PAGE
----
Ink Coverage and Linoleum Blocks

Hey everyone! I’m having extreme problems getting enough ink to print evenly on my linoleum blocks. I have a Kelsey 5x8.

Here’s what I’ve tried:

1) adjustint the backing screws on the plate so they’re even
2) adding more ink—so much that it’s at the “orange peel” stage, and needs to be reapplied every couple of prints
3) adding more packing—up to 8 sheets of cardstock—to the tympan
4) adjusting rollers (they’re brand new)

I’m using Daniel Smith waterbased ink on brand new rollers from NA Graphics.

Any other ideas? It seems impossible! Here’s a pic of the typical print I’m getting.

You can see a couple other pics at my blog:

image: IMG_2062.JPG


Log in to reply   2 replies so far

Hi Beth. I like your Recipe Card Design. The combination of hand-carved border and letterpress type works well. The inking thing is not a big deal and can be corrected…. or at least improved. I’m not an expert, but I do print a LOT of lino-cuts on a Kelsey and here’s what I’ve learned.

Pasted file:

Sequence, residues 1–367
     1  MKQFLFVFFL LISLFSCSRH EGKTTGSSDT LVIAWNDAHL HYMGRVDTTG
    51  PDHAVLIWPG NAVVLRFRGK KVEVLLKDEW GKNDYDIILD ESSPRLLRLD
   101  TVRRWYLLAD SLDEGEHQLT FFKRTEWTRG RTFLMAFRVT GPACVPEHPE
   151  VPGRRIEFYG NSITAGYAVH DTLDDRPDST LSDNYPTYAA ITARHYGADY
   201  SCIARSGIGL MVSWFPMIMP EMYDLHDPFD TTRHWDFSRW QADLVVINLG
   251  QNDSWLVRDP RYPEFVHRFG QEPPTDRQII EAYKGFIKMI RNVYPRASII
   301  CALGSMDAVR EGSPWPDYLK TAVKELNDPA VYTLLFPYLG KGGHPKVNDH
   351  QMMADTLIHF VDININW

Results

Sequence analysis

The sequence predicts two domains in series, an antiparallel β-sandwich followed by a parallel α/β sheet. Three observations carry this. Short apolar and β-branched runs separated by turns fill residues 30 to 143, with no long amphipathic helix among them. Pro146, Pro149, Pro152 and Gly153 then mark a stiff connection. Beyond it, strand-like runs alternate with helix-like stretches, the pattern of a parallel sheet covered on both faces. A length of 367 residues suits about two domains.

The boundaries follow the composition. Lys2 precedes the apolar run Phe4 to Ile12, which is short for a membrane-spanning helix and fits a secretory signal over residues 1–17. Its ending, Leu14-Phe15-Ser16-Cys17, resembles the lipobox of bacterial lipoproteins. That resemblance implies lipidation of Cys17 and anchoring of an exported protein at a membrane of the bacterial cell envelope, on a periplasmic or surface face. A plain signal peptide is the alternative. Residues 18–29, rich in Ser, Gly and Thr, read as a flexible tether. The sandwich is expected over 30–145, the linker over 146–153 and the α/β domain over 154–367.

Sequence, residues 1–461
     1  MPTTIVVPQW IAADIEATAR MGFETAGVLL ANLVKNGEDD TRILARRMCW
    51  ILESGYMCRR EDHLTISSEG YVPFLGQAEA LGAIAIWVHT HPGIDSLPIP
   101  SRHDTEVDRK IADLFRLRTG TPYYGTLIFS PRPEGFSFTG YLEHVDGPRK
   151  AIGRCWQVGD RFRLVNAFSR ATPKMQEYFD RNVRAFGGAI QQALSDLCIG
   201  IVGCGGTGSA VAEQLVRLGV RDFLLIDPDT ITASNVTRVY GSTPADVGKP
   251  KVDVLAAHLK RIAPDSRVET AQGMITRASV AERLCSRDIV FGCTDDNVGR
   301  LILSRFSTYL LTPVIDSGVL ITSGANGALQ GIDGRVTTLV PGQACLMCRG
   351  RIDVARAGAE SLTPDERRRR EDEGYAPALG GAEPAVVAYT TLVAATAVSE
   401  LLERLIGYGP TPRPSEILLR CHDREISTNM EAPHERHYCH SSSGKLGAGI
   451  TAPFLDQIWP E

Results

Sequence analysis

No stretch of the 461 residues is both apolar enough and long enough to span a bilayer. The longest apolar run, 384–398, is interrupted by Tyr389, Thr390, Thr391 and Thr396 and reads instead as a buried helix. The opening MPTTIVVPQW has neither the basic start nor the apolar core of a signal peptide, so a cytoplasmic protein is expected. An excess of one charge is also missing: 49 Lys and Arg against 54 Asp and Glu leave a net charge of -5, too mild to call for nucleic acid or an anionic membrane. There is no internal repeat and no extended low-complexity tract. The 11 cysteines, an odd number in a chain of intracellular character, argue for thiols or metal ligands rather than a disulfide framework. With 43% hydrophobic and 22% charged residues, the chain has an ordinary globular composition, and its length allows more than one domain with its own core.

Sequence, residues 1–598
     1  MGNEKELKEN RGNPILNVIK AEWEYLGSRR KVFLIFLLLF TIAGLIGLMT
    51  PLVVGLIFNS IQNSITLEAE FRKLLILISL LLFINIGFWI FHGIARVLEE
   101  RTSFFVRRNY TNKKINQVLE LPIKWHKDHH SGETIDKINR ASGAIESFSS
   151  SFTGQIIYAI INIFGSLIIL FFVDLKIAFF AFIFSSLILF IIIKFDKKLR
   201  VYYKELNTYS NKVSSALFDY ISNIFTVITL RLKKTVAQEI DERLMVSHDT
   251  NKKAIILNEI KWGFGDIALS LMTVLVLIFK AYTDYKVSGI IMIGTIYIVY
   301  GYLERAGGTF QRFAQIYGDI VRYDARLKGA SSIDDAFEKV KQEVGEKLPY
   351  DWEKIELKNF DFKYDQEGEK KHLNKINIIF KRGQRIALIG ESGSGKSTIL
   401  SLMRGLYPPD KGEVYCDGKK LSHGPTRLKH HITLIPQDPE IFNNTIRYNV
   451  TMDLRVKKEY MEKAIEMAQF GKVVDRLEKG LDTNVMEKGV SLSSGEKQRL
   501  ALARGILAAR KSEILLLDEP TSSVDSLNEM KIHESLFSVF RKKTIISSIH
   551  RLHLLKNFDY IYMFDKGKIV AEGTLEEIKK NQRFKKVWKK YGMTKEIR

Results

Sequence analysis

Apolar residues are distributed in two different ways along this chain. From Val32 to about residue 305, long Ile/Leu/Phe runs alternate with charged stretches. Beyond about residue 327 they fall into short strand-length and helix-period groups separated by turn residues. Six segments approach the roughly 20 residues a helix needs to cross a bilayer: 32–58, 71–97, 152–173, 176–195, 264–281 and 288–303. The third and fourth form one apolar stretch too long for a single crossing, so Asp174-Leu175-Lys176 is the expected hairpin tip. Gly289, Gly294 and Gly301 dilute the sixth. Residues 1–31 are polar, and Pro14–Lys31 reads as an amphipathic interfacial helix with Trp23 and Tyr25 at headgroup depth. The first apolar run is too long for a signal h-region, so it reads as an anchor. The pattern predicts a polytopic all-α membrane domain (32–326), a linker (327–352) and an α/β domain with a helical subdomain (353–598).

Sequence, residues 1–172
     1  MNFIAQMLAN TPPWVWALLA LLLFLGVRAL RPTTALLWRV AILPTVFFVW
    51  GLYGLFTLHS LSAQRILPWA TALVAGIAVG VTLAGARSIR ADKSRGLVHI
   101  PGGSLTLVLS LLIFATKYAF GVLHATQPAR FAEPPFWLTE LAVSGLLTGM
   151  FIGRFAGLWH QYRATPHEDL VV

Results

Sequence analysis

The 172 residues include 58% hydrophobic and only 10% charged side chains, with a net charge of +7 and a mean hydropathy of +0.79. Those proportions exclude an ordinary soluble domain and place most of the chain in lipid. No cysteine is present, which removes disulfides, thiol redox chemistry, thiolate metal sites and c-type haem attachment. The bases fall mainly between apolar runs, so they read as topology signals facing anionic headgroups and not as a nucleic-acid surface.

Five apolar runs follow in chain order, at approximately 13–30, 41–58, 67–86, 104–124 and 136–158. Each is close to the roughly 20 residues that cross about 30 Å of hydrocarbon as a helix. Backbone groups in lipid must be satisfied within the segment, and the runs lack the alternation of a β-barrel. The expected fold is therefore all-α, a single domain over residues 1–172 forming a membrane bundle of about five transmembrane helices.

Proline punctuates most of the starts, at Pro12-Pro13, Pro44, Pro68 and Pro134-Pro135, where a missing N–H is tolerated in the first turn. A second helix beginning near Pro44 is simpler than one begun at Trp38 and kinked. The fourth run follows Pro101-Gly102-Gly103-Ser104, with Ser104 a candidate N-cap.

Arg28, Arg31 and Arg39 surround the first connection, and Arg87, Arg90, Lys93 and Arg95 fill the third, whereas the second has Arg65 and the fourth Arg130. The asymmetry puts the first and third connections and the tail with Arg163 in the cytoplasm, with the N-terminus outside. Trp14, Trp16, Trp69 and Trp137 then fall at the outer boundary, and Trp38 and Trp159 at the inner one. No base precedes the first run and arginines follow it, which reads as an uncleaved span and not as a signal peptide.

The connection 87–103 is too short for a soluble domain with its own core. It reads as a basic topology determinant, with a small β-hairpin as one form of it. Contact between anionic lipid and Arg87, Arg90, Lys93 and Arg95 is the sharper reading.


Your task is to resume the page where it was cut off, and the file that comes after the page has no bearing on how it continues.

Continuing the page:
1. Look at the paper stock you are printing upon. When I use 67lb Vellum Bristol from the office supply house, I often get a similar result… the stock is too hard to conform to the large cut with the pressure that is available. Try a softer paper.

2. Also try a softer/ more resiliant tympan for printing the lino-cut. I know, I know… this may seem like heresy to letterpressmen, but it’s common practice among printmakers. Just be sure to change it back to a normal tympan paper for printing the type.

3. Try an oil-based ink. I’ve never used the brand that you are using, but I have used Speedball waterbased and I don’t care for it. For some reason it’s either dry as bone on the press, or it’s over-inked.

4. Reduce the inked area, especially the vertical portions. Kelseys are not known for their ability to cover large areas with ink. The rollers are just too small. By reducing the overall inked area, you increase the amount of ink available per square inch, and also the amount of pressure available per square inch. Both will help considerably.

Like I said, I’m not an expert but maybe these suggestions will help. Keep us posted on how it works out for you.

Thanks Winking Cat! Hmmmm. I hadn’t thought of the paper, but this is definitely not nice stuff—-just a cheap ream of basic Office Depot cardstock. I’ll have to experiment with that.